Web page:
During 27-28 July lava gradually rose inside the crater of T40 and formed a 4 x 6 m lake and several
ponds. By 29 July the lake was ~12 m long and 7 m wide. In a pattern repeating every 15-20 minutes a
surge of fresh lava boiled up from the NE corner of the lake, raising the level by 0.5 m. Lava flowed out of
the lake to the NW through a subterranean tunnel but did not escape onto the main crater floor.
Although this pattern persisted for some time, at 1400 on 30 July an abrupt increase in activity
produced high lava spatters that fell on the N flank of T40. Fresh lava swept into the lake from the N like
breaking ocean waves and strong ground tremor shook the N flank of the cone. This activity continued
through 31 July, when the lake rose to ~60 cm below the lowest point along the vent rim. Spatter gradually
built up the N wall of the crater by more than 1 m and formed a large hood overhanging the area of most
At 0045 on 1 August, a hole developed in the hornito's new crater wall. Lava escaped and moved N
as short aa flows up to 60 cm thick. Lava ceased to escape by 0600 but similar eruptions recurred
through 1300 on 2 August. Intense degassing later destroyed the hood covering the N part of the lake, but
splashing built a thick covering of spatter on the N flank of the cone and reconstructed the hood. Around
0300 on 3 August a new vent opened low on the NW flank of T40 where the strongest tremor had been
during the previous few days. An aa lava flow 20 cm thick moved 73 m NW. By 0800 the eruption had
ended and the lake level dropped by 2 m. By 0600 on 4 August the lake temporarily disappeared, leaving
a solid crater floor 2.5 m below the rim. Lava reappeared about noon but only occupied a 2 m2 area at the
crater's N end; the lava frequently overflowed from the pond and produced many small lava flows that
covered most of the hornito's crater floor. At 2345 solid lava covering the new vent on the NW flank of T40
blew off; explosions occurred at a rate of 18-20/minute and constructed a new spatter cone. During
repose periods, the activity shifted to the lava lake, creating high spatters that reached the summit of T40.
After explosions ended at 0800 on 5 August, the new cone was 3 m tall with a circular summit vent 60 cm
in diameter. Lava was bubbling in the vent at a depth of 1 m.
At 2000 on 5 August pahoehoe lava flowed rapidly across the NE rim of T40 and moved E for 55 m.
At 0645 the next morning, more lava escaped the lake through a hole in the NE rim of T40 and covered
much of the previous night's flow. Beginning at 1800 on 6 August the lake repeatedly overflowed the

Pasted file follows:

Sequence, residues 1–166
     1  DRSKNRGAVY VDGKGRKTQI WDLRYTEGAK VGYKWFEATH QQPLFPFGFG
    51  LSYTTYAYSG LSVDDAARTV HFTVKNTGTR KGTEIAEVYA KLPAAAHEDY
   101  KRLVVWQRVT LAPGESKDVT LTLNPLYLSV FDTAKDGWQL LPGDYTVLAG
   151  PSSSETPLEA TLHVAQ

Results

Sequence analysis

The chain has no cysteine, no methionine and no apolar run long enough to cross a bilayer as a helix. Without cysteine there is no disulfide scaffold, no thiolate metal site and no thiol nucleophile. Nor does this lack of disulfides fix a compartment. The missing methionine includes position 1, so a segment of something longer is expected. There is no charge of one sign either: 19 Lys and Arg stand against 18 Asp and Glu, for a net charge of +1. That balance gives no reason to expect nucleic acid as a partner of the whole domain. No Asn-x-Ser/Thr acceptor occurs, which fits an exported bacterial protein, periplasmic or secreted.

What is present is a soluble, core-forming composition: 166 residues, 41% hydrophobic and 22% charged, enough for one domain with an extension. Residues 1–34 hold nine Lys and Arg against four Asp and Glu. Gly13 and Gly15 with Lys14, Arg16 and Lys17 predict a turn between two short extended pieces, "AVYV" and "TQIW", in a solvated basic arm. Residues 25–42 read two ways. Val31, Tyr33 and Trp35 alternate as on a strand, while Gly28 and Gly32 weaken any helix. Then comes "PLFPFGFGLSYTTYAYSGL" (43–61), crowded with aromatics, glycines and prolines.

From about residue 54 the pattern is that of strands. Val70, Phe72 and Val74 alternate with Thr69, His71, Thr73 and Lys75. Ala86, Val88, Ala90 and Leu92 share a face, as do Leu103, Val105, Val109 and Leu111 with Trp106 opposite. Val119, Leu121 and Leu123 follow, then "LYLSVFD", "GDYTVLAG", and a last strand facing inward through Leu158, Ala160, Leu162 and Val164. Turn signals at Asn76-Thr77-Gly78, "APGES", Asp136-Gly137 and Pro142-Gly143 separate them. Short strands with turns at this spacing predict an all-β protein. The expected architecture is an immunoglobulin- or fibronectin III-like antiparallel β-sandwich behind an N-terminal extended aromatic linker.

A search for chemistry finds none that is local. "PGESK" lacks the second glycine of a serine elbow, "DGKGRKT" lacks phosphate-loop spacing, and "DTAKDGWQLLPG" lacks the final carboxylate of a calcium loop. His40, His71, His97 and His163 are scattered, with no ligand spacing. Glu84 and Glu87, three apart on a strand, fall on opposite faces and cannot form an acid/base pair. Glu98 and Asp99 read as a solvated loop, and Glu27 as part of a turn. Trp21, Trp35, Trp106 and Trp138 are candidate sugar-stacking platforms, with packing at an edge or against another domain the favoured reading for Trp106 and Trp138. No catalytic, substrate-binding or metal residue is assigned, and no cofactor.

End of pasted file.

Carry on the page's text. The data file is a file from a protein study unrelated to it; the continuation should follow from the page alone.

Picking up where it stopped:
hornito's NE rim, later overflowing the NW rim. Around 0400 on 7 August a hole that opened 1 m below the
NE rim of T40 gradually enlarged and drained ~60 m3 of lava from the lake forming an open NE-directed
lava channel 60 cm wide. By 0800 on 7 August the hole was 1 m high and 0.5 m wide. When observations
ended at 0815, lava was nearing the NE crater wall and subsequent reporting noted that lava never
reached the breach in the E crater rim, stopping short by 70 m. It was later learned from Guillaume
Delpech, a French geology student, that during his visit to T40 on 9 August, the lava lake level inside the
hornito varied between 3 and 4 m below its rim. No lava flowed outside of T40 and the spatter cone was
Christoph Weber made temperature measurements using a digital thermometer (TM 914C with a
stab feeler standard K-type) during the crater visit. The instrument was used in the 0-1200
Celsius mode, taking readings by inserting the feeler 15 cm into the lava. Calibration was made by the
Delta-T method: values are ± 6°C in the 0-750°C range. Most values shown were maxima recorded from
a series of at least five repeat measurements.
Table. Temperature estimates from 60 measurements at Ol Doinyo Lengai made during 23 July-7 August 1999. See text for
method used. Courtesy of Christoph Weber.
T40 lava lake
Pahoehoe flow in open channel
(3 m below lava lake)
End of a 60-cm-thick aa flow
Fumarole near base of T49
28 Aug 1999
01 Sep 1999
01 Sep 1999
28 Aug 1999
Lengai Report Oct. 2000
An common expedition was organized by Chris Weber from 3rd October to 11th October 2000. A film team and four scientists, led by Joerg Keller, were members of the expedition. Joerg Keller has studied O. Lengai since his first visit in 1988 and has published several papers about O. Lengai:
Carbonatite Volcanism, K. Bell & J. Keller, 1995, Springer VerlagEffusive natroncarbonatite activity of O. Lengai, M. Krafft, J. Keller, 1990, Bull. VolcanoesHistoric and Recent activity of Oldoinyo Lengai, Dawson, Keller & Nyamweru, 1995
3rd October to 11th October 2000
Nature of record: Observation by J. Keller, A. Zaytsev, D. Wiedenmann, J. Klaudius, D. Szczepanski, M. Szeglat, C. Weber.
Geography: GPS-Data and barometrical instruments (series of data-measurements) gave new information about the altitudes of O.Lengai. The highest summit is approximatly 2955 m (2950-2960 m). The cone peak C on the northern crater rim is approximatly 2835 m. The crater floor was on October 2000 approximately 2825 m at the Overflow NW and E.
Despite the known track up the WNW flank of Lengai, two other different descents were made during the visit.